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Paddy Cosgrave returns as Web Summit CEO after resigning over Israel/Gaza controversy

Date 09 Apr, 2024

Writen by Mike Butcher

Position Editor At Large


Paddy Cosgrave, the co-founder of the Web Summit tech conference, is returning to his role as CEO after resigning in October over controversial statements he made about the Israel/Gaza war last year on social media. Rumors of his return began to surface over the weekend; Cosgrave confirmed the move in a post on X today.

Notably, in his announcement, Cosgrave does not make any mention of the politicized remarks he made that led to his departure less than six months ago (with the social media posts he wrote at the time deleted as well, aside from his public apology). Instead, Cosgrave goes for de-escalating, announcing plans for a shift in focus to “smaller” groups.

“As Web Summit becomes bigger, our aim should be to make it smaller for our attendees. More intimate. More convivial. More community focused,” he writes.

In doing so, the move is reminiscent of Mark Zuckerberg’s shift to “community” at Facebook in the wake of the social network’s huge post-2016 election scandal (Cambridge Analytica, election manipulation, congressional hearings and the rest).

Smaller groups, of course, give a larger entity — whether it is a social network or an event — a way to cater to different agendas and opinions. As with Facebook, the emphasis on community might be a counterweight to Web Summit’s bigger business aim: scale; in Web Summit’s case, growing its conference empire by getting as many people and companies as possible paying to attend its events.

In a subsequent post on the company’s blog, Web Summit outlined its new focus on targeting smaller communities, likely as a method to extract more value out of its events — both in terms of their ability to attract lucrative sponsorships, but also to make the large, sometimes unwieldy, conferences more valuable to individual attendees: “Over the last year we have tested small prototype meetups for attendees in similar industries like product engineers or marketing leads. All of these were facilitated through our Web Summit app… Our software, our design, our production and all teams and elements of Web Summit will expand to help make this worthwhile mission a reality.”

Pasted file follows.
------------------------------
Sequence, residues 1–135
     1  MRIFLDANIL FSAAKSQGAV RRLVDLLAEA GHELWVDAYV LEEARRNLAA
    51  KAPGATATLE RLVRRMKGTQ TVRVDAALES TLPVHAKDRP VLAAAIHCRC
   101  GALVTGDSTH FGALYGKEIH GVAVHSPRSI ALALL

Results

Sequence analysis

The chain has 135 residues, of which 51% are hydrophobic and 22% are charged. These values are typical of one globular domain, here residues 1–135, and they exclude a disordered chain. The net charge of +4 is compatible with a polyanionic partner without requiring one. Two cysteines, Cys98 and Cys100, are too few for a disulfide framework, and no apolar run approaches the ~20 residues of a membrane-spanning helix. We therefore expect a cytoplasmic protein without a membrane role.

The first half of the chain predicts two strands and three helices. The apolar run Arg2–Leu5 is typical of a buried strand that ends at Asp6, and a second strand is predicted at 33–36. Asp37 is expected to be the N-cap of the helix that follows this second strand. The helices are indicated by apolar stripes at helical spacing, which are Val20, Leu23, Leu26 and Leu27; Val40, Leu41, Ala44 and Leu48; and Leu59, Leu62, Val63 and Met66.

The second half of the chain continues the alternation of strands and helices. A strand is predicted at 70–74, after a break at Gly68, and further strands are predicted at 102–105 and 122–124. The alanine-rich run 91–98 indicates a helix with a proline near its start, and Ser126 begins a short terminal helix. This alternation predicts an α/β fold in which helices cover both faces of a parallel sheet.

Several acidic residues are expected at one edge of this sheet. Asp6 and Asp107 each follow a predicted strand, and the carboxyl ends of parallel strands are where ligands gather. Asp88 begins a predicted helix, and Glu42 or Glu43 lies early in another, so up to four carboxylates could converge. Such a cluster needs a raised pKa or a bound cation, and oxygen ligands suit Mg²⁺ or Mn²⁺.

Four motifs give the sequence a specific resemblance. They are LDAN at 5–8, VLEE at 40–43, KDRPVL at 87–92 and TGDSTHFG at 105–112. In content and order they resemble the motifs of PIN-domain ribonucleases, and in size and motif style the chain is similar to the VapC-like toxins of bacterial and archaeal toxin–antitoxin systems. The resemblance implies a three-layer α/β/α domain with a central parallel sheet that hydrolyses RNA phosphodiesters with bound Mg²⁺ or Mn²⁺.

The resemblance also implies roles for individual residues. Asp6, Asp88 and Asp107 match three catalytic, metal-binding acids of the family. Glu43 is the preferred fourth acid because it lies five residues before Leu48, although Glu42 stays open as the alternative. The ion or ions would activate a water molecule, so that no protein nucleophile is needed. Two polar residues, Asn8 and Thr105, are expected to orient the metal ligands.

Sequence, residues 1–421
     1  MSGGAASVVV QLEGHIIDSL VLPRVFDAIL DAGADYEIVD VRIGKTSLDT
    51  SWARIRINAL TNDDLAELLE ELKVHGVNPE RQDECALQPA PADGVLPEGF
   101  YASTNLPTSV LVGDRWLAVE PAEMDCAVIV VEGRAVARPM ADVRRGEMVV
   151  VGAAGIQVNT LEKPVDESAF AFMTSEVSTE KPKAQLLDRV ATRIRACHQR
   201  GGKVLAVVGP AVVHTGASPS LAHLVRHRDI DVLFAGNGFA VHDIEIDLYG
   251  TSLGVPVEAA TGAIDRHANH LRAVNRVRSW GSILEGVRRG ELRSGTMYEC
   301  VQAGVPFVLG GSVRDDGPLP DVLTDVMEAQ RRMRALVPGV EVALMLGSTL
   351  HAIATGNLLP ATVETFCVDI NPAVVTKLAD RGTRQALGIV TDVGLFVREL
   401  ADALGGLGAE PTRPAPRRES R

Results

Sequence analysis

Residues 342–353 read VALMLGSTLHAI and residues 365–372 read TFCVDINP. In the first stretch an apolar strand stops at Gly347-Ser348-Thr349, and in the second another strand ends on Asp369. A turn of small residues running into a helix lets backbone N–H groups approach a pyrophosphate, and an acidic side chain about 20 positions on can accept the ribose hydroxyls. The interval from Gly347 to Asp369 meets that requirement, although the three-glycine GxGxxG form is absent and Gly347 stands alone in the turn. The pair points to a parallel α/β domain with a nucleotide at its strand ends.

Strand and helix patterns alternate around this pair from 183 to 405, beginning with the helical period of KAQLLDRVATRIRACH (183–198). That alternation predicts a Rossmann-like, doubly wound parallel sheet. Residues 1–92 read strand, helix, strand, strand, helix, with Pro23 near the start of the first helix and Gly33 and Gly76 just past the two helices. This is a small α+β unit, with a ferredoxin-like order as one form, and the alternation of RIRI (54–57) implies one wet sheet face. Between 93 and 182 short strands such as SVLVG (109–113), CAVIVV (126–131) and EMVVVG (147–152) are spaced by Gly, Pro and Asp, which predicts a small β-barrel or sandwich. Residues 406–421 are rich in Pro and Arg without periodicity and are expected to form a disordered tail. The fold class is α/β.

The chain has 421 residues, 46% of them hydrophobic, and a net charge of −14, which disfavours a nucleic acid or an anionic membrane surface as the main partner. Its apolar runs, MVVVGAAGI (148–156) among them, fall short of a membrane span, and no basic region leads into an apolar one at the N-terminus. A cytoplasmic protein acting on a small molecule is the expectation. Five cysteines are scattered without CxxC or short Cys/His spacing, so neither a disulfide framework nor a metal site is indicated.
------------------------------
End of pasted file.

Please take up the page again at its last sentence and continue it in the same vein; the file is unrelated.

Web Summit runs a number of very large, global, tech conferences, the best known and biggest of which is in Lisbon, which in recent years attracted upwards of 70,000 attendees. The list also includes smaller, invite-only events under brands including F.ounders for later-stage founders, and other similar events.

Its flagship event went through a tumultuous period last year after it was engulfed in criticism from its large tech sponsors, who pulled out of the Lisbon Web Summit, just weeks out from it taking place, in the wake of Cosgrave’s remarks.

The controversy started when, shortly after October 7, the day of the Hamas massacre of Israeli citizens, Cosgrave posted data on X pertaining to the human cost of the Israel-Palestine conflict between 2008 and 2023, but — inexplicably — omitted any mention of the tragic events (and casualties) of that weekend.

Cosgrave also posted support for the Irish government’s criticism of Israel’s implied plans to cut off water and electricity to Gaza as part of its plans for the war.

(Later, Israel indeed did cut off water and electricity to Gaza, and the country’s government has been accused, by a vote in the UN’s Human Rights Council most recently, of actions that could amount to war crimes.)


Cosgrave tweet

Cosgrave tweet

In the face of an outcry, Cosgrave continued to double-down in subsequent posts.

This was the last straw for many of Web Summit’s speakers, with the loudest voices of criticism coming from Israel-based VCs and founders, who were then joined by several influential U.S.-based tech founders and investors.

Large sponsors, including Microsoft and Google, then pulled out of the conference.

Under pressure, Cosgrave apologized for offense caused by the posts and resigned as CEO.

Scrambling in the lead-up to the Lisbon event, Web Summit quickly appointed former Wikimedia CEO Catherine Maher as Cosgrave’s CEO replacement, even as Cosgrave retained an 80% ownership of the business.

It was a very short tenure: Maher left Web Summit a few months later for the CEO role at NPR, leaving Cosgrave’s company rudderless once again, setting the stage for Cosgrave’s return.

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